Strawberry Jam. On a slice of warm bread. Or on pancakes or crepes. Or chapati. With dosai. Or just had by the spoonful. Is there anything more delightful than this burst of deliciousness that you can make so easily at home.
Important aspects in making Jam
Making strawberry jam is very easy. You just need to plan your time so that you give full attention to it during the 45 minutes or so it takes to get done. You need to keep stirring the mixture as it cooks, as well as watch for the different stages so that you know when to test that the jam is ready to be bottled. If the jam is underdone and runny, it is easy to get to the final stage, however if it is over cooked, it will harden and lose it's jammy consistency. It can't really be brought back from that point.
As with all my jams, I have used this article in Serious Eats to plan the proportion of ingredients, as well as to figure out when the strawberry jam is done. This article is brilliant, and I would recommend you read it before embarking on jam making.
Points to Keep in Mind For Jam Making
1. As a thumb rule, I take about 50% of the weight of the berries (after their top and leaves are removed) for the sugar, unless the berries are really really sweet, in which case I would reduce the sugar to 40%. Though I have given US cup measurements for reference in the recipe, it is best to follow the weight of ingredients to get the proportions right. Too much or too little sugar or water can affect the results and leave you with a runny liquid rather than a nice jar of jam.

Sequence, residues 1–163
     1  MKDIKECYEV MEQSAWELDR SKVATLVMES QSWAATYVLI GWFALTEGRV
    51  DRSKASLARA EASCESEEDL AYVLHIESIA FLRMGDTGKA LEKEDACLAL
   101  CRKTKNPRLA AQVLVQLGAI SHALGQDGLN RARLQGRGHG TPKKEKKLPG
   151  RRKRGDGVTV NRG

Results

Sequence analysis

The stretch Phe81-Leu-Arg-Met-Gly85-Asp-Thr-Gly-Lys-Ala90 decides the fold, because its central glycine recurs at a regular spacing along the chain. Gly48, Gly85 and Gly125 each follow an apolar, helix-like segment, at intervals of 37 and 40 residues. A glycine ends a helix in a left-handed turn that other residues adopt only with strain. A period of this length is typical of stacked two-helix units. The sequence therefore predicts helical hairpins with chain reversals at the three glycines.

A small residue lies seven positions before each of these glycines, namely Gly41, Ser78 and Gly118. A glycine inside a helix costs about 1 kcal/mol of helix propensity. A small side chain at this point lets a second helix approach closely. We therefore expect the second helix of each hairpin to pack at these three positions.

2. Granulated sugar (our every day sugar with tiny crystals) is best, as you can visibly see it dissolve and know that the first stage has passed. Sugar plays a crucial role in making the jam. As you know, there is water content in the fruit as well as water we add to boil the strawberries. Though needed for the cooking process, the water can (or rather, will), prevent the strawberries from thickening, by clinging to the pectin released by the strawberries and the lemon juice. The sugar we add binds itself to the water, leaving the pectin to work its magic. After that its just a matter of reducing the water through cooking, until the right consistency is reached. Hence it is important to follow the proportion of sugar in the recipe. The bonding of water with sugar, as you can read in the article referred to above, helps in preservation of the jam.
3. Lemon juice is a significant ingredient in jam making. Store bought bottled lemon juice may be used. The juice not only balances flavours and keeps the jam from being overly sweet, but, more importantly, brings natural pectin to the mix. Strawberries are low in pectin which is needed to cause the 'gel' or 'jamminess' in jam. Lemon juice also plays a vital role in preserve the jam from spoiling.
4. The time required for making jam is not a constant. It depends on the quality/juiciness of the berries and the volume that you are making. Making large quantities is not a good idea as the jam may take forever to get done. 500 gms may be a reasonable quantity, and if you are making it for the first time, 300 gms may be a good place to start from as its neither so small that it cooks in minutes, before you are prepared for it, or so large that it tests your patience. Watch the jam as it reaches each of the stages described in the recipe, and remember to turn off the heat once the jam begins to thicken at the edges, become glossy/ shining and it has almost stopped bubbling. At this point, you need to act quickly and do the frozen spoon test to test that the jam is ready for bottling.
For more about strawberries and for delicious dressing and salad recipes using them, check this post on this blog: Fresh Ripe Strawberries.